8. That apple pie should be served to your guests, not your pets. But since most dogs (and some cats) do like apples, freshly sliced apples are fine. The seeds in the apple core contain arsenic, though admittedly a small amount. Still, why risk it?
  9. Cranberries are fine for dogs, but keep them away from cats. This, of course, it not talking about cranberry sauce, which contains lots of sugar and other ingredients pets should stay away from.
  10. The best dessert for a pet during Thanksgiving is a slice of banana. Fresh or frozen, most dogs and some cats, enjoy bananas. Again, don’t feed them banana pudding, but just the plain fruit.

 10 things not to feed your pet on Thanksgiving

It goes without saying that sugar is as bad for your pet as it is for you, so if the recipe calls for sugar, don’t give it to your pet. Here are some more foods you should avoid.

  1. Alcohol. There is no circumstance under which your pet should drink alcohol, and Thanksgiving is no exception. Alcohol can cause vomiting, diarrhea, decreased coordination, central nervous system depression, difficulty breathing, tremors, abnormal blood acidity, coma and even death.
  2. Never give your dog or cat chocolate in any form. All forms of chocolate contain substances called methylxanthines, which are found in cacao seeds. When your pet eats chocolate, these substances can cause vomiting and diarrhea, panting, excessive thirst and urination, hyperactivity, abnormal heart rhythm, tremors, seizures and even death. And yes, just one piece is enough to cause harm.
  3. Grapes and raisins have an unidentified toxin in them that can cause kidney failure. More research is needed to identify why this happens, but the point is that it  does happen, and often very suddenly. (Dried, unsweetened cranberries are fine.)
  4. Onions (and chives, in the onion family) are very toxic substances to pets. If your recipe calls for onions, avoid allowing your pet to even get a tiny lick in.
  5. Garlic is often included alongside onions in Thanksgiving dishes, but it, too, should never be given to pets. Cats are more susceptible to the toxins in onions, chives and garlic, but dogs are vulnerable, too.
  6. Nuts (except cashews) should be avoided by animals, especially macadamia nuts. Because of their high fat content, they can cause digestive upset or even pancreatitis, which is very painful and can actually lead to death, according to ruffhero.com.[2]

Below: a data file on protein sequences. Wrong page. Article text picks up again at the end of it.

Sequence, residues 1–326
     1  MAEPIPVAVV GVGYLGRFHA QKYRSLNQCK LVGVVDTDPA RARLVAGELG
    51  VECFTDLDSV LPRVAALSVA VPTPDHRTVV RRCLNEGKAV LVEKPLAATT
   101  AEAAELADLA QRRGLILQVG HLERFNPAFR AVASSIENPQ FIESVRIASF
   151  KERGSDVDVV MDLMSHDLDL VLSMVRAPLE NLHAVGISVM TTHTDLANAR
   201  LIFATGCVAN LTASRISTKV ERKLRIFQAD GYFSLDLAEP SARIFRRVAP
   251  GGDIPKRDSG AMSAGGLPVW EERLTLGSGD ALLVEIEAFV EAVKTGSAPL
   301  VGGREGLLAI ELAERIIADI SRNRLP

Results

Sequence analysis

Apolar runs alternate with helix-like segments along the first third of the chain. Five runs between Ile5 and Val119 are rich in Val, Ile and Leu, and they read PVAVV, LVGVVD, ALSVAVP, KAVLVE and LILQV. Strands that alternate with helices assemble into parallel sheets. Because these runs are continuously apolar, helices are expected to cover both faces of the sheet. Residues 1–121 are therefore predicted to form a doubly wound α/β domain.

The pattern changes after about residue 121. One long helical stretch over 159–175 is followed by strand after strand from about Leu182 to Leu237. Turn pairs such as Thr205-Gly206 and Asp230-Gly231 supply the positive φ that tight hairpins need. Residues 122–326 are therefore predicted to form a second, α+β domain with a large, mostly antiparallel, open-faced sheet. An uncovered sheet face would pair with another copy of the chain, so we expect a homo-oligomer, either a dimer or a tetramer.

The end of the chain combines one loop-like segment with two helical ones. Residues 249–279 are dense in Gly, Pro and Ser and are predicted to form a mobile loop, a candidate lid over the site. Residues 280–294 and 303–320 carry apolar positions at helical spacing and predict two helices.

7. Milk and dairy products can cause significant digestive upset in pets because they do not possessive adequate amounts of the enzyme lactase which is necessary to digest dairy.
  8. Raw or undercooked meats or eggs. This one is controversial, but since salmonella and e.coli are both potential hazards of feeding these foods to your pet, it is best to simply be sure that meat and eggs are thoroughly cooked.
  9. Candy and other sweet treats are on the absolutely not list. You may be under the impression that it is the sugar in these foods that make them unhealthy, but zero-sugar products often contain artificial sweeteners that may be toxic. One particularly dangerous sweetener is xylitol, often used in candy, mints, gums, and even toothpaste. Xylitol can cause death within hours of ingestion.
  10. Caffeine is very bad for your pets. In fact, within 1-2 hours of consuming caffeine, your dog or cat could experience hyperactivity, restlessness, vomiting, elevated blood pressure or heart rate, tremors, seizures and death.[3]

This year, our holiday celebrations may be different from any we’ve celebrated before, but with wisdom and care, it can be healthy, happy, and fun for all participants, from a large family right on down to just you and your pet.

 [1] Kearl, M. (2019, November 26). Safe Thanksgiving Foods To Share With Your Dog Plus Those To Avoid. Retrieved October 04, 2020, from https://www.akc.org/expert-advice/nutrition/thanksgiving-foods-to-share-with-your-dog-or-avoid/

[2] Ruffhero. (n.d.). Pancreatitis In Dogs Can Be Fatal. Is Your Dog At Risk? Retrieved October 04, 2020, from https://www.ruffhero.com/pancreatitis-in-dogs/

[3] 24/7 Animal Poison Control Center. (n.d.). Retrieved October 04, 2020, from https://www.petpoisonhelpline.com/